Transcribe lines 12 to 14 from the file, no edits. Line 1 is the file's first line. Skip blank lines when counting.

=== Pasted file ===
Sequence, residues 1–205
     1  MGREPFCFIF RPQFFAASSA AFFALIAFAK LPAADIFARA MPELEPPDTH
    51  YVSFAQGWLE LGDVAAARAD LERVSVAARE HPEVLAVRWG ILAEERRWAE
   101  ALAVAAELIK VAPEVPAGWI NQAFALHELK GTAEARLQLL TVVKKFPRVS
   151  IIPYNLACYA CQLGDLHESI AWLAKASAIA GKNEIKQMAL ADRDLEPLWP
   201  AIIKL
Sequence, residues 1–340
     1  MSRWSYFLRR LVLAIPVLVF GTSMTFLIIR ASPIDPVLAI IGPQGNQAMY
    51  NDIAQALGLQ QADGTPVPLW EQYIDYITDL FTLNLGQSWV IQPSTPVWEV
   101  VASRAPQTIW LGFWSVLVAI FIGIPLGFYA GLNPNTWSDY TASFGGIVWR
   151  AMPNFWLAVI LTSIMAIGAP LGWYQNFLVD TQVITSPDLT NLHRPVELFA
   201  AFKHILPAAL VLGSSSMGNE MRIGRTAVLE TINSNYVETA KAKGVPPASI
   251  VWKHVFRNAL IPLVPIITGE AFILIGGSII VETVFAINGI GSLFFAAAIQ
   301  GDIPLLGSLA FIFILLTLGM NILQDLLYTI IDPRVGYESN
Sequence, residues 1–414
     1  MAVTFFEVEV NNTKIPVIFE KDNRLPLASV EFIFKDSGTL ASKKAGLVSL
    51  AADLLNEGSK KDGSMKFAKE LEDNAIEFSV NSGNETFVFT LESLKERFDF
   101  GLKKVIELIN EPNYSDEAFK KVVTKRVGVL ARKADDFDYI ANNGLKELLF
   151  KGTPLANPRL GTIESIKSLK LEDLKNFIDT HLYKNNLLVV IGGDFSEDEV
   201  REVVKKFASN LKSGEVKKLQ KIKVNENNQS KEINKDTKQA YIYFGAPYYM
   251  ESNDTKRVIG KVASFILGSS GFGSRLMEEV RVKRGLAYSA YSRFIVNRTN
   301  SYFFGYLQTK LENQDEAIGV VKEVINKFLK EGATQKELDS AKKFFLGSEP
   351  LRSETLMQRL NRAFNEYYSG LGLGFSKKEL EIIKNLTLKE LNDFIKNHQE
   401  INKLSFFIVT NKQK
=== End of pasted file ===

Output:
   201  AFKHILPAAL VLGSSSMGNE MRIGRTAVLE TINSNYVETA KAKGVPPASI
   251  VWKHVFRNAL IPLVPIITGE AFILIGGSII VETVFAINGI GSLFFAAAIQ
   301  GDIPLLGSLA FIFILLTLGM NILQDLLYTI IDPRVGYESN